Plant proposal evaluated

2016-02-17 06:00

A PROPOSAL to build a desalination plant on the Illovo River in the next five years is being evaluated by Umgeni Water. The aim of the plant is to cope with the demand for water in the Upper South Coast.
The Environmental Impact Assessment (EIA) public consultation took place last year, but only 12 people attended, probably because it was advertised in The Mercury and not in local papers.

The main intake pump-station would be situated alongside “The Boardwalk” in Winklespruit and sea water would be extracted from a point one kilometre out to sea.
From here, there are three alternate pipeline routes up the Lovu River to the desalination plant. The proposed site for the plant is alongside Mother of Peace children’s home on the south bank of the river, near the old sugar mill.

From an environmental impact point of view, many people do not realise that ocean ecological services are being compromised in an increasing manner,major ecosystem decline continues, largely because of overfishing and pollution, and is further impacted by global warming. Oceans are definitely finite and are destructible.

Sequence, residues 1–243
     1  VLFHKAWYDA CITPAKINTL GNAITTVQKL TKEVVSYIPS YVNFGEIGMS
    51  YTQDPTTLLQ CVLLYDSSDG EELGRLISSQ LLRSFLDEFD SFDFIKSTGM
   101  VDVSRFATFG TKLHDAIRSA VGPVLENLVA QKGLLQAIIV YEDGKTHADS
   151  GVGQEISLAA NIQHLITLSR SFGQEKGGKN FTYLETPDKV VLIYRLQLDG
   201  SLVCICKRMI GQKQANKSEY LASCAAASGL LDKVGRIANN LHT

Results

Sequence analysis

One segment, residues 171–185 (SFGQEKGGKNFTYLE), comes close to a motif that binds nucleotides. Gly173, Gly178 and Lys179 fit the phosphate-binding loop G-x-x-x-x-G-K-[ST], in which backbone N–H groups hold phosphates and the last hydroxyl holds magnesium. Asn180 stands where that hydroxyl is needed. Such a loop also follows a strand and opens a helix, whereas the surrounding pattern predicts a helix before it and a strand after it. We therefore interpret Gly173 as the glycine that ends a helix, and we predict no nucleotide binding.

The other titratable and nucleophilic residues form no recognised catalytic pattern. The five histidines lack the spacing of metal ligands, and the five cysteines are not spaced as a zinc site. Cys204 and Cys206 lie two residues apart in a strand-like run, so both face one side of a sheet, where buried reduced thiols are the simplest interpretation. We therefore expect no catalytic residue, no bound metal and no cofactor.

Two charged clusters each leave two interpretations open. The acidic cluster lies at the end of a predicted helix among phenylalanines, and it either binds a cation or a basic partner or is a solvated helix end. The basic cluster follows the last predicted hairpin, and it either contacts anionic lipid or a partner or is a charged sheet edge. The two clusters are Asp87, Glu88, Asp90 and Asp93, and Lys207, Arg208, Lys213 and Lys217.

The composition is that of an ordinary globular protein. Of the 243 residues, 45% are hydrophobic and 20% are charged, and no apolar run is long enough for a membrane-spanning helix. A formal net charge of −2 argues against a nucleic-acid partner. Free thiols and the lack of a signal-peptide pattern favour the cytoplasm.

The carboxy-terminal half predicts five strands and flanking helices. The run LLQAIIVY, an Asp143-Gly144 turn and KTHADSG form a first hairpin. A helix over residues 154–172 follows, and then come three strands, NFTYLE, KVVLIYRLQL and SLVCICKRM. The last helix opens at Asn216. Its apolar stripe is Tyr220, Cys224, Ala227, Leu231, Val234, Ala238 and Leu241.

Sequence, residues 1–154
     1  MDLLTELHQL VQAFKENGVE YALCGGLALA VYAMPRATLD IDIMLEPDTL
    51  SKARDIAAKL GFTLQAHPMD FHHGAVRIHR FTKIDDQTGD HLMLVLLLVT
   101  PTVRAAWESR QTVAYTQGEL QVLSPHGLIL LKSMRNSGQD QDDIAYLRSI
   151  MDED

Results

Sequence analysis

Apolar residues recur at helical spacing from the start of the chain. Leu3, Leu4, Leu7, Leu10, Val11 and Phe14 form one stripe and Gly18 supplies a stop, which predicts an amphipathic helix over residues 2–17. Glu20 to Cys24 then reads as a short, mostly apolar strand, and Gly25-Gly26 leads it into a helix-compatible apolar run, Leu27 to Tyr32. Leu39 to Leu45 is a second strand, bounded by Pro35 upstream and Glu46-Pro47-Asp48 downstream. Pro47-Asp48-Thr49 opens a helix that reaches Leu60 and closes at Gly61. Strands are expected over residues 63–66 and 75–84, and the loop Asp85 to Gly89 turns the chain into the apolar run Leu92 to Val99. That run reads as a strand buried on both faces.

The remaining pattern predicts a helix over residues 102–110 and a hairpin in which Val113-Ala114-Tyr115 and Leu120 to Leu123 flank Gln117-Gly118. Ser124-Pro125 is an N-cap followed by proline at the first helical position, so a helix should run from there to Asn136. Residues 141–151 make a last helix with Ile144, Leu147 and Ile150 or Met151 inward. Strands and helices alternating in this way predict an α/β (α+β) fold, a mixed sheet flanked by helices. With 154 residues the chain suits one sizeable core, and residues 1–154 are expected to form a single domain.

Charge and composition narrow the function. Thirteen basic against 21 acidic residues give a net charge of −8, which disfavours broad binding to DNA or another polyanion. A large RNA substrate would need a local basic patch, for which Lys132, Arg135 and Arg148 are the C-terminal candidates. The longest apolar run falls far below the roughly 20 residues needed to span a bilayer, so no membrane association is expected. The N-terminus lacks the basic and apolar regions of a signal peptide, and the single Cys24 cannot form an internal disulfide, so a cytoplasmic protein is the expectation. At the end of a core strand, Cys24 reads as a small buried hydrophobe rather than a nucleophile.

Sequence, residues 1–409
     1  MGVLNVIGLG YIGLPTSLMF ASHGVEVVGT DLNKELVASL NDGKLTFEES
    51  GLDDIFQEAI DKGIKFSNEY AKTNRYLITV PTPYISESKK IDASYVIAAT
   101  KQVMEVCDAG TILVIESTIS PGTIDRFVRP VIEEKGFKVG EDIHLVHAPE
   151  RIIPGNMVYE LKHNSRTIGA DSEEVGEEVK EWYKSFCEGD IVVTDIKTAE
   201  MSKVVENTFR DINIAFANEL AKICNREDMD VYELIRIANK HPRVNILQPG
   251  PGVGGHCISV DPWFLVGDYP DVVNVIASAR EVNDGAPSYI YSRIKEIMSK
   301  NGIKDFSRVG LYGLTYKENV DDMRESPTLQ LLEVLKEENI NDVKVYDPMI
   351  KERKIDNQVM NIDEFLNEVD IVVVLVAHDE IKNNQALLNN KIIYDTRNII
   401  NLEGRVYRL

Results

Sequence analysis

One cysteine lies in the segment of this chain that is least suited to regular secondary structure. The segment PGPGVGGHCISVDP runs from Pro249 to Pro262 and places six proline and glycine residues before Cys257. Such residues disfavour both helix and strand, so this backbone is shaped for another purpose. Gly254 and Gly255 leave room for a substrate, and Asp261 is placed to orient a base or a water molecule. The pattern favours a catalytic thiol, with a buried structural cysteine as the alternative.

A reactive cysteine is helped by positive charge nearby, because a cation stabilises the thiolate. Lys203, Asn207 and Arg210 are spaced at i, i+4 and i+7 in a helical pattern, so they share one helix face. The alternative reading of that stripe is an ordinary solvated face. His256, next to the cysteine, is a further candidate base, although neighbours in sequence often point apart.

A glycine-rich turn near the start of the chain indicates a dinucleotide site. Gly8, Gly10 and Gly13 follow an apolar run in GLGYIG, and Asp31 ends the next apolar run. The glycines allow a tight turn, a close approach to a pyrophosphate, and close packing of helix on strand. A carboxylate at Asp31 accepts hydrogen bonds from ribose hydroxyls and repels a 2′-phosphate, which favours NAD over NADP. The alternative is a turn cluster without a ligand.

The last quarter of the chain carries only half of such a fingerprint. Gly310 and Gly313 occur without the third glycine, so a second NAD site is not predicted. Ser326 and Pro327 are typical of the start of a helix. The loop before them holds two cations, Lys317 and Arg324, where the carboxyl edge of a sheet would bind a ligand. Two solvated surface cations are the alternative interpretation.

In terms of the proposed desalination plant, ocean water and billions of planktonic life forms will be sucked into the plant inlet and die 24/7.

Potable water is the useful output from desalination plants, however, highly concentrated salt brine is toxic to life and this will be pumped back into the ocean via a discharge point 600 metres off-shore, and this will add to the ecosystem destruction.

Of further concern is that the Illovo bank is the breeding ground for 74, a particularly vulnerable and protected species of fish along our coast. For interest, the Aliwal Shoal Marine Protected Area (MPA) is in the process of being extended, the new northern boundary is to be the south bank of the Lovu River.
In the desalination process 55% of the water is available for use and 45% of the water, with a high salt content, is returned to the sea.

If the project goes ahead, this would be the largest plant of this type in South Africa. There are many similar plants around the world, including Perth in Australia, and the Middle East.
Another downside of this scheme is the high consumption of electricity, a scarce resource, as well as the increased atmospheric pollution from our coal-fired power stations.

There is a proposal to build the Smithfield Dam on the Umkomaas River near Hela-Hela. Water from this system would be fed via a tunnel to Baynesfield, and would then find its way into the Umgeni River for use in the central and north side of eThekweni, but not in the south side where the future need will arise.

For further information, contact Angus Pyke on 074 951 4267.
- Supplied.

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